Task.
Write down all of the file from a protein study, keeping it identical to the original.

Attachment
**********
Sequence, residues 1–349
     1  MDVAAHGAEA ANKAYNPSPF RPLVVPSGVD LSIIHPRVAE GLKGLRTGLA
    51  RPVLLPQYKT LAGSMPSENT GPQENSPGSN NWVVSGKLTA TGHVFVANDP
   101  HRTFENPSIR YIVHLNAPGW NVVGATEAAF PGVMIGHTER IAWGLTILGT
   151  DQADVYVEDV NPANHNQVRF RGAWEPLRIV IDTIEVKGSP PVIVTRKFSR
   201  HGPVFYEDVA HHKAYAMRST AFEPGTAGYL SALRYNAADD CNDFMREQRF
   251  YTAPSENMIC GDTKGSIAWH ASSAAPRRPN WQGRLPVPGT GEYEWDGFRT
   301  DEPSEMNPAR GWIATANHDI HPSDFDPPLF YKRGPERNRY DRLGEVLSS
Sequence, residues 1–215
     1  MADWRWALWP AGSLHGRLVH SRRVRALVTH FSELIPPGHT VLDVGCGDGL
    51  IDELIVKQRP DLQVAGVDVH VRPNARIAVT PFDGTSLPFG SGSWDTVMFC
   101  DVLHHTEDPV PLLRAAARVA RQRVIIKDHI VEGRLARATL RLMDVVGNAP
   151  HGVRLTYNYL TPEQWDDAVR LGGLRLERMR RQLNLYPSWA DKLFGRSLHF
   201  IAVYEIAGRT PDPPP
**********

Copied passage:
Sequence, residues 1–349
     1  MDVAAHGAEA ANKAYNPSPF RPLVVPSGVD LSIIHPRVAE GLKGLRTGLA
    51  RPVLLPQYKT LAGSMPSENT GPQENSPGSN NWVVSGKLTA TGHVFVANDP
   101  HRTFENPSIR YIVHLNAPGW NVVGATEAAF PGVMIGHTER IAWGLTILGT
   151  DQADVYVEDV NPANHNQVRF RGAWEPLRIV IDTIEVKGSP PVIVTRKFSR
   201  HGPVFYEDVA HHKAYAMRST AFEPGTAGYL SALRYNAADD CNDFMREQRF
   251  YTAPSENMIC GDTKGSIAWH ASSAAPRRPN WQGRLPVPGT GEYEWDGFRT
   301  DEPSEMNPAR GWIATANHDI HPSDFDPPLF YKRGPERNRY DRLGEVLSS
Sequence, residues 1–215
     1  MADWRWALWP AGSLHGRLVH SRRVRALVTH FSELIPPGHT VLDVGCGDGL
    51  IDELIVKQRP DLQVAGVDVH VRPNARIAVT PFDGTSLPFG SGSWDTVMFC
   101  DVLHHTEDPV PLLRAAARVA RQRVIIKDHI VEGRLARATL RLMDVVGNAP
   151  HGVRLTYNYL TPEQWDDAVR LGGLRLERMR RQLNLYPSWA DKLFGRSLHF
   201  IAVYEIAGRT PDPPP